Midterm Stress Relief Week: Tea Bagging Paper With Class

Welcome to Day 1 of Midterm Stress Relief Week (MSRW), I’m your host Martha Stewart.

I’m just kidding. I’ve never [insert incarceration joke here]. But I’ve never been on any Forbes list either. And cheese and crackers, did you know she’s 71 years old? Hot damn. But enough about cosmetically enhanced successful people, let’s get down to business.

My first crafty activity for MSRW is making paper look old. The idea came up when a friend of mine asked me to write her an old-fashioned snail mail letter. It had been a while since I’d written and sent a proper letter to anyone, so I thought I’d go all out. (And by all out, I mean rubbing tea bags across cheap paper). There are a gazillion tutorials online, but here’s how I did it.

What You’ll Need:

– A flat surface that you don’t mind getting wet (baking trays work great)
– Tea bags
– Hot water
– Towels/paper towels/napkins/absorbent textile of choice
– Hair dryer

Step 1: Get Your Downton Abbey On

In other words, make some tea. It doesn’t have to be any fancy schmancy tea. Any tea will do. I chose to use black tea and it works pretty well.

Classy cheap black tea

Classy as shiz.

Soak the tea bag in hot water for about 5-10 minutes. The number of tea bags you use will depend on how much paper you’ll be “aging” and how dark you’ll want your paper to be. I used about one tea bag per half sheet of paper (~5″ x 7″).

Step 2: Prepare Paper for Tea Bag Humiliation

Set your paper on a flat surface. I used a baking tray because it has raised sides, it’s smooth, and it’s very easy to clean. I had ripped regular printer paper in half and then ripped about a half inch from the three remaining “clean” edges. When your paper is at the desired dimensions, crumple it up sufficiently to begin giving it that worn look. And then smooth it back out. The crinkles will still be there after you wet the paper.

Aging paper on baking tray

Ye Olde Paper: Before and After

[Extra: To make the paper look even more worn, you can burn the edges. I didn’t feel like messing with fire this time, but it’s something I’ll try someday. Here’s a quick and easy tutorial on how to do it. It will probably be easier to do before tea bagging the paper.]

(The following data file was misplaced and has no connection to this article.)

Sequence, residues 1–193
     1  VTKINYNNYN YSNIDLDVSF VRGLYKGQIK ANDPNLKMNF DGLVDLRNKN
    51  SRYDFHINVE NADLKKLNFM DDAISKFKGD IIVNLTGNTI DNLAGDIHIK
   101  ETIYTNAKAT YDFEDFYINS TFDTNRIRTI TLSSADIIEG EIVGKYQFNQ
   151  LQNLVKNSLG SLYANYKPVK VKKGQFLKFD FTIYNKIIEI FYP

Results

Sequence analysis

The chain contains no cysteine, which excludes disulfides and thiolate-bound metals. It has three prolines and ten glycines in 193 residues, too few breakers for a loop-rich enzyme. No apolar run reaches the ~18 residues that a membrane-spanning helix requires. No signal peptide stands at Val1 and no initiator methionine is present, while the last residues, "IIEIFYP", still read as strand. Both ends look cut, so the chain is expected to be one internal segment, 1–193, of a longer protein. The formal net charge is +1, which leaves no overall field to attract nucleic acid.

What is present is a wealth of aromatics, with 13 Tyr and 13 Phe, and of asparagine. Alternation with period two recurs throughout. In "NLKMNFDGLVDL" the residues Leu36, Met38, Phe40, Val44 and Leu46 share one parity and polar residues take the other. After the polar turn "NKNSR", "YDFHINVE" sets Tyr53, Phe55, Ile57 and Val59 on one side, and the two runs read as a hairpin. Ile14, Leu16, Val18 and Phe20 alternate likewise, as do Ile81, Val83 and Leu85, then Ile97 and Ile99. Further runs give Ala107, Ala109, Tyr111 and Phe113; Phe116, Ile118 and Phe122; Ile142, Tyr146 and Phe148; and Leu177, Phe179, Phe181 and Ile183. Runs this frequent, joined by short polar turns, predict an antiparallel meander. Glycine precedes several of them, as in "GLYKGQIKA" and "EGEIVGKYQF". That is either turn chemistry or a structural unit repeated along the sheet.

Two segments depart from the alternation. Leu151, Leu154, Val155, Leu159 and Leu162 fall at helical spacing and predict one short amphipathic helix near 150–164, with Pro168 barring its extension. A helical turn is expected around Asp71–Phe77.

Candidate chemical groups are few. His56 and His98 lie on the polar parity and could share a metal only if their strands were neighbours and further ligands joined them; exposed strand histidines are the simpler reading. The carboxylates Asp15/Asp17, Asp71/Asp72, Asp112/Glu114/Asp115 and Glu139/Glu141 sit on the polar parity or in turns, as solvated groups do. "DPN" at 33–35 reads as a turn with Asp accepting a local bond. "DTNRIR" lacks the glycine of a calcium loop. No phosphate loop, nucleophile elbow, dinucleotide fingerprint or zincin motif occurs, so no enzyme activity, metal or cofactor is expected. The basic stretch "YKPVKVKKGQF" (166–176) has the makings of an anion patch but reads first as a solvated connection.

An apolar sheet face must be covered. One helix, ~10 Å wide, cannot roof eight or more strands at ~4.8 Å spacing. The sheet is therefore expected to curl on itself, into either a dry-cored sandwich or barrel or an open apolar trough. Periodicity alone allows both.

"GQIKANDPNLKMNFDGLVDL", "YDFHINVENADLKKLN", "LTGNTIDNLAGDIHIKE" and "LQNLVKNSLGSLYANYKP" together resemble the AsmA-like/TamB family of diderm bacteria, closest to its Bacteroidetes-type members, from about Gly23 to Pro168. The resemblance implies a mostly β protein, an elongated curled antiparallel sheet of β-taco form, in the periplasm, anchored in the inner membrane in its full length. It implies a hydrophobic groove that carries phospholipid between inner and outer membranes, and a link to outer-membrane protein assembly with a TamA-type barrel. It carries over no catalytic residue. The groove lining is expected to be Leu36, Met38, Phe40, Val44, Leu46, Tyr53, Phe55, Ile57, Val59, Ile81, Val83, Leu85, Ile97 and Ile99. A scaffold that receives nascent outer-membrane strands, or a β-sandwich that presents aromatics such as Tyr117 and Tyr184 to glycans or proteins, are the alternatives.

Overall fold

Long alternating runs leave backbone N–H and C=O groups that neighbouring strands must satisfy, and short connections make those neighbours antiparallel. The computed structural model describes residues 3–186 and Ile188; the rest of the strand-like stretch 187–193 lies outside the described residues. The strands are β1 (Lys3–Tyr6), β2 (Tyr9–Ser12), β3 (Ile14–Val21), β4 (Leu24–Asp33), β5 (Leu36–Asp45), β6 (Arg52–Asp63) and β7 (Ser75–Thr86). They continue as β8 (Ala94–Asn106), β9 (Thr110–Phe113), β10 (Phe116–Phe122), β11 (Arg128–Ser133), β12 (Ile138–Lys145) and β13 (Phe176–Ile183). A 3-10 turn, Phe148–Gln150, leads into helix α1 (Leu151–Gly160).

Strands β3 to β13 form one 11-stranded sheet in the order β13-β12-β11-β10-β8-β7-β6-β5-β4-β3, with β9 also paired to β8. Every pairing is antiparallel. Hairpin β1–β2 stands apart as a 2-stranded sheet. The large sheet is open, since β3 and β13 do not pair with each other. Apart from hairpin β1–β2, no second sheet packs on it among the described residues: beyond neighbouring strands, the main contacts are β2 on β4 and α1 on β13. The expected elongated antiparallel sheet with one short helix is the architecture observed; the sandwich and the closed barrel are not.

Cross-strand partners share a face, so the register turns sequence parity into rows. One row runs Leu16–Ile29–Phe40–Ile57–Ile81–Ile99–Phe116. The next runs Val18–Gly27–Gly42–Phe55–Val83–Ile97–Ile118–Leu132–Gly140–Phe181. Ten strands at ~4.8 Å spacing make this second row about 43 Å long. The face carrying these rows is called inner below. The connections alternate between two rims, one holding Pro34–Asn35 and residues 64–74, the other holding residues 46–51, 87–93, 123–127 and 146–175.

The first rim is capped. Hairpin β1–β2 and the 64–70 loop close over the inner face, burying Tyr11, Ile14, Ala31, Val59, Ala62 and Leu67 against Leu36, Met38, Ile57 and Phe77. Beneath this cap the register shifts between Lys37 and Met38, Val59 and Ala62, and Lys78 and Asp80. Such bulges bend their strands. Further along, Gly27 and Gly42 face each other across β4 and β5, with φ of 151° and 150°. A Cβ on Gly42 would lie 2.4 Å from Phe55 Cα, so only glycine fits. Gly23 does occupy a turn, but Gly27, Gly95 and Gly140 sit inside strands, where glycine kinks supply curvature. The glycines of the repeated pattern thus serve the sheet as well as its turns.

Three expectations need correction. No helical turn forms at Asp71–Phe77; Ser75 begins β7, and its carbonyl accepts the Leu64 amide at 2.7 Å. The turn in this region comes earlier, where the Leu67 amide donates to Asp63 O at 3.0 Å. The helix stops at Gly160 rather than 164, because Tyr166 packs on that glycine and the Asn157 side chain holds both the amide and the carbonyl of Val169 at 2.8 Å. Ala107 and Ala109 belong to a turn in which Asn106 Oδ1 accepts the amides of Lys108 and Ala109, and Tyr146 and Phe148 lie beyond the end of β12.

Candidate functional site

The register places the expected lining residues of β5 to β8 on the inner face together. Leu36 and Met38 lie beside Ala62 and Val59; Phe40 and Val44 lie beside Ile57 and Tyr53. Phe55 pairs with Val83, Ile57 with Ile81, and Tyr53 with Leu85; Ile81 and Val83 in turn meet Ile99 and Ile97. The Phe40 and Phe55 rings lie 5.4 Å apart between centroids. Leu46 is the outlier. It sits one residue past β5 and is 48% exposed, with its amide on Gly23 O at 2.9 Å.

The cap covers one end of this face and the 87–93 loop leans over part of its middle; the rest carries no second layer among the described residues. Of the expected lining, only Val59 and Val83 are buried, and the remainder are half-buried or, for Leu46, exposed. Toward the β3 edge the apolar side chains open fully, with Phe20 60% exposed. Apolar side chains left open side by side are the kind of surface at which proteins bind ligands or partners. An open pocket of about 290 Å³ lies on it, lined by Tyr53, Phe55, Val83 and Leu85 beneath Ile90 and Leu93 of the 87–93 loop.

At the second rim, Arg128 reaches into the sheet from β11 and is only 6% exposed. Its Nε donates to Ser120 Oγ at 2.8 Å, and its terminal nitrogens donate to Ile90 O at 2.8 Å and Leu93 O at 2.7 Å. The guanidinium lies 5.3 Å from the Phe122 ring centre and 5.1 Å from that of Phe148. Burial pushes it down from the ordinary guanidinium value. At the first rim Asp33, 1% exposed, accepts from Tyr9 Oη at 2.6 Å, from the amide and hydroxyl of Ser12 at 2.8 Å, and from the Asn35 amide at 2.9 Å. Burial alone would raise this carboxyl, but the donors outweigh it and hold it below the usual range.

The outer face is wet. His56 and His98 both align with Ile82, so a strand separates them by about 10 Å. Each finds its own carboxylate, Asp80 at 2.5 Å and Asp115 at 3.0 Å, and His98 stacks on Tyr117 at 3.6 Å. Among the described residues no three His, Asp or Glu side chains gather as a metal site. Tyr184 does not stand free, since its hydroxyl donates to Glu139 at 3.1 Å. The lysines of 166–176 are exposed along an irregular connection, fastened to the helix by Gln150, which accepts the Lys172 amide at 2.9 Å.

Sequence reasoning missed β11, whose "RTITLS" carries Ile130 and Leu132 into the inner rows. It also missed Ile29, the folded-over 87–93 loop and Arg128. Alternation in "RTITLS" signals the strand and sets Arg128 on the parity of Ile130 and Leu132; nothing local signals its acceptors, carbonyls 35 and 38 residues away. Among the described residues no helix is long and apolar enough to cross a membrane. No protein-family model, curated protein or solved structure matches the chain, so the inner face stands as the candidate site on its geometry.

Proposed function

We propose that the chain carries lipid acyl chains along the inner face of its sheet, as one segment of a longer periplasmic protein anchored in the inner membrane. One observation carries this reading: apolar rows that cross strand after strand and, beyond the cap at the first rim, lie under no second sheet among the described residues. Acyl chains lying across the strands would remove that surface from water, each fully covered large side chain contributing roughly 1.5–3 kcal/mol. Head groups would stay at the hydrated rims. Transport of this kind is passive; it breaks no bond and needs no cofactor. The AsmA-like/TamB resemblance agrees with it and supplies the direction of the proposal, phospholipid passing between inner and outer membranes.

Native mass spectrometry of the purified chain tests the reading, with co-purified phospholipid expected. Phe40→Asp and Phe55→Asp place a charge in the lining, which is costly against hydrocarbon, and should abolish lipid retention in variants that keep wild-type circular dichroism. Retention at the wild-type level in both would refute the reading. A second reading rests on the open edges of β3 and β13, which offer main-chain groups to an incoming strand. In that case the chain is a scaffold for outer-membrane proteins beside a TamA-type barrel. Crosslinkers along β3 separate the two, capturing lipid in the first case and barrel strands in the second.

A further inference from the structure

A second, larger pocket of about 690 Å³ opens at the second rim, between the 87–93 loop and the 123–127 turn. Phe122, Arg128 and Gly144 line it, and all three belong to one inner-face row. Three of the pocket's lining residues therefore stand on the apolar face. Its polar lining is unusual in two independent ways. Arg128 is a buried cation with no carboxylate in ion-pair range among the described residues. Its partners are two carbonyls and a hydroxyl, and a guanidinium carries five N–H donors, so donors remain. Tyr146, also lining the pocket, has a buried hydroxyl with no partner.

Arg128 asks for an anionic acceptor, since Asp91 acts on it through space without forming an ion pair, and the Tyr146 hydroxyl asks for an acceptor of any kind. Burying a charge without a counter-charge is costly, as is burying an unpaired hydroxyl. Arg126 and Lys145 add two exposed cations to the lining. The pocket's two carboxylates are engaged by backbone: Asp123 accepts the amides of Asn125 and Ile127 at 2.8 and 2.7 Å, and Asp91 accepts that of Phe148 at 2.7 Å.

Step 3: Tea Bag Like a Call of Duty Douchebag

Minus the douchiness. Your tea bag’s been soaking for long enough, so take it out and wring out most of the water. I found that it was easier and faster to stain the paper when the tea bag is very, very damp, but not very wet. It appears to create a darker color. If you soak it, the paper becomes more fragile and translucent and it obviously takes longer to dry. Use your towel/paper towel/napkin/absorbent textile of choice to dab the paper and soak up some of the moisture. As your paper gets wetter, be careful not to rub too hard or else you’ll tear it.

Tea Bagging Paper

That’s a used tea bag, not fecal matter.

Don’t worry about perfection – the point of the project is making the paper look imperfect. Aged paper often has uneven coloring, especially around the edges. Dab the edges with the tea bag to darken them. Also, make random splotches on the paper by dabbing various spots extra heavily. I liked to hold the tea bag a few inches above the paper and squeeze it to make droplets that dry into darkened splotches on the sheet.

Also, it’s likely that the tea bag will eventually break. Never to fear, it’s a good thing. Rub the leaves and grounds into the paper (again, careful not to tear it) to give it a more grainy, dirtied look.

Step 4: Shake It Like a Polaroid Picture

Use a hair dryer, actually. Shaking it like a polaroid picture will make you start the project over because all you’ll have are torn wads and pieces of icky wet paper. Before applying another coat of tea stain (the darker you want it, the more coats you’ll need), you have to wait for the paper to dry. A hair dryer works wonders. Some tutorials use oven baking or letting the paper dry between a towel and a heavy object for a few hours. But ain’t nobody got time for that. Just use a hair dryer.

Hair Dryer for Aging Paper

Saves time and sanity.

Step 5: Lather, Rinse, Repeat

Keep tea bagging the pages and drying them out until you’re happy with how they look. Practice and experiment. Easy as 3.14159.

Aging Paper Finished Product

Drop the needle on the gramophone. Time to party like it’s 1877.

Procure a feather quill and a bottle of ink and you’re well on your way to mastering the art of forging famous old documents. You’re welcome.

I hope this will help you pass the time between midterm study procrastination sessions. It’s a lot of fun, even for non-artsy people like me. Trust me, doing something non-assignment related is akin to a godsend.

How are you de-stressing from or in between midterms? Anything you’d suggest I try here? And if you tried this out, how did it go? Share your ideas in the comments section below.

Advertisements

3 thoughts on “Midterm Stress Relief Week: Tea Bagging Paper With Class

  1. Pingback: Midterm Stress Relief Week: 1000 Cranes, Give or Take A Few | Stressing Out College

Drop Me A Line

Fill in your details below or click an icon to log in:

WordPress.com Logo

You are commenting using your WordPress.com account. Log Out / Change )

Twitter picture

You are commenting using your Twitter account. Log Out / Change )

Facebook photo

You are commenting using your Facebook account. Log Out / Change )

Google+ photo

You are commenting using your Google+ account. Log Out / Change )

Connecting to %s